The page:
Avril Haines, a deputy director of Columbia World Projects, is slated for the role of director of national intelligence, announced President-elect Joe Biden alongside his intended nominations for five other key cabinet positions today.
Haines, who will be the first woman to hold the national intelligence position, has served on the Biden transition team’s national security and foreign policy departments since June. While in the Obama administration, she served as the deputy director of the CIA before transitioning to principal deputy national security adviser to the President,
Haines, a native of the Upper West Side, is currently on a leave of absence from Columbia World Projects, an initiative spearheaded by University President Lee Bollinger to connect the University’s scholars and visiting practitioners with global challenges. In May, Bollinger announced that Haines would succeed Nicholas Lemann as the director of CWP on July 1, but those plans were reworked after Haines announced in June that she would begin working with the Biden campaign.
Biden’s cabinet announcement also included Antony Blinken, Law ’88, whose appointment as secretary of state follows roles in the Barack Obama administration as the U.S. deputy secretary of state and deputy national security adviser.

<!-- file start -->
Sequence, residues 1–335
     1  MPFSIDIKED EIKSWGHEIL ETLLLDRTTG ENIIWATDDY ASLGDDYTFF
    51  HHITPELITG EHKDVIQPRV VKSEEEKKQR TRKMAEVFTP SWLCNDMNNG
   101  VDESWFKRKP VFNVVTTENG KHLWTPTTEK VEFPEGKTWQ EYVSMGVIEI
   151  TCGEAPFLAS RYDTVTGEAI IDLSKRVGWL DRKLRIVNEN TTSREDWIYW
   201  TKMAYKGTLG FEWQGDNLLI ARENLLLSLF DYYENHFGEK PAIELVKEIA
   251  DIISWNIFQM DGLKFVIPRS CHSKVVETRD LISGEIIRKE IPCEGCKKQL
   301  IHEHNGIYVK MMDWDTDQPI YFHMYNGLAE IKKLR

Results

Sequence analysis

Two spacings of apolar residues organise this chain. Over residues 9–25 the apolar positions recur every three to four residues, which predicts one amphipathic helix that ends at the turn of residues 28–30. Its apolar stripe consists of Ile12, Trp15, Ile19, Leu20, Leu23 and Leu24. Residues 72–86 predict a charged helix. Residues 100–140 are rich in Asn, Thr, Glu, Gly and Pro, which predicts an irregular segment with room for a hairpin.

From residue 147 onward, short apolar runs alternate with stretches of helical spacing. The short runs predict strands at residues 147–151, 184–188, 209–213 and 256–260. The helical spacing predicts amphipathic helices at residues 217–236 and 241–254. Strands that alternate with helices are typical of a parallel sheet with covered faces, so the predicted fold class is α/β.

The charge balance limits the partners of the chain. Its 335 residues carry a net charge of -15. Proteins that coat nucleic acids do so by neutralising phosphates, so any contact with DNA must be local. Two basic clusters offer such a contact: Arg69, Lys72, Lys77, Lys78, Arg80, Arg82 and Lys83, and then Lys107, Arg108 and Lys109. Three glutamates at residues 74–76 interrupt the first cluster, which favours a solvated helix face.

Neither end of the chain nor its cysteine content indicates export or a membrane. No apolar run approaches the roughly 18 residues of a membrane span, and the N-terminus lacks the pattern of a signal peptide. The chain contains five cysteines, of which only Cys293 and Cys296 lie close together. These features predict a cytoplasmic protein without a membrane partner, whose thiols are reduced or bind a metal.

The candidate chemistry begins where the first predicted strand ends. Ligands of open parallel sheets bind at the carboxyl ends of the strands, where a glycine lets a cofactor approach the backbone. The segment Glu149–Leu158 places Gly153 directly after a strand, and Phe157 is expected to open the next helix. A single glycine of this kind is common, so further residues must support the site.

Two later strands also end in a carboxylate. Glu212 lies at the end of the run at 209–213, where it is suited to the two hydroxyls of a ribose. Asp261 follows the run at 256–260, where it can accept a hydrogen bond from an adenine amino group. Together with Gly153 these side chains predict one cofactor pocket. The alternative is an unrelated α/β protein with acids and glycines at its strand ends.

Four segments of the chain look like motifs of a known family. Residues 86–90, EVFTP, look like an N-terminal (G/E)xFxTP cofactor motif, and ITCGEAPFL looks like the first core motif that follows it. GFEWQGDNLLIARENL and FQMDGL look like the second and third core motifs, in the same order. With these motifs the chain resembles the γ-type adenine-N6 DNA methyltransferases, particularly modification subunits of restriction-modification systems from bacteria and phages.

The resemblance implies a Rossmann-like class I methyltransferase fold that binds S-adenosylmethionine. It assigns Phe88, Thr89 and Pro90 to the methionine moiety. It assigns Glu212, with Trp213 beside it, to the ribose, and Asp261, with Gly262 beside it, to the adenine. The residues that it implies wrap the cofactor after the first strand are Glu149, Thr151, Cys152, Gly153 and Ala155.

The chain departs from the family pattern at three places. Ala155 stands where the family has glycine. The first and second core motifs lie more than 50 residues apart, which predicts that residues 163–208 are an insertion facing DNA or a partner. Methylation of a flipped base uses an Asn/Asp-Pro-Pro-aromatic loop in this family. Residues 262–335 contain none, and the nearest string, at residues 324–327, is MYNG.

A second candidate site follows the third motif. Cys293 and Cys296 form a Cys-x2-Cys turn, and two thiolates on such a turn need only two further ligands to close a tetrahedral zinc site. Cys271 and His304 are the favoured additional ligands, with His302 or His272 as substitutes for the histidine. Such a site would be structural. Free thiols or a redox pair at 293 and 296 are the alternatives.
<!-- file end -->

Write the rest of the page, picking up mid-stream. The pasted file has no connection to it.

Haines’ work with CWP largely focused on the intersection of cybersecurity and foreign policy, advocating for the need to adopt international norms regarding cyber warfare and the violation of domestic civil liberties. Before taking leave, she led several projects regarding digital identity, bringing together computer scientists and legal scholars to develop national identification systems in Africa. Haines also served as a lecturer at Columbia Law School, holding fellowships at the Human Rights Institute and the Institute for Security Policy and Law at Syracuse University.
Her appointment to the Biden cabinet does not come without some lingering controversy from her time in the Obama administration and in her consulting roles with for-profit national security companies. While serving as the deputy CIA director, Haines declined to discipline CIA personnel who had illicitly spied on Senate Intelligence Committee members’ computers during their investigation of the CIA’s use of “enhanced interrogation techniques.”
When Gina Haspel was nominated by President Donald Trump in 2018 to serve as the CIA director, Haines vocally supported the appointment, despite Haspel’s involvement in running CIA black sites where detainees were tortured.
Haines’ nomination has been met with an outpouring of support from top experts in national security and intelligence, praising her reputation as a kind and unassuming policymaker and diverse background as a physicist, independent bookstore owner, and pilot.
“The project of restoring trust in the intelligence community will be immensely difficult and immensely important,” Susan Hennessey, a senior fellow at the Brookings Institution and a CNN national security and legal analyst, tweeted Monday afternoon. “Avril Haines is the very best of the best.”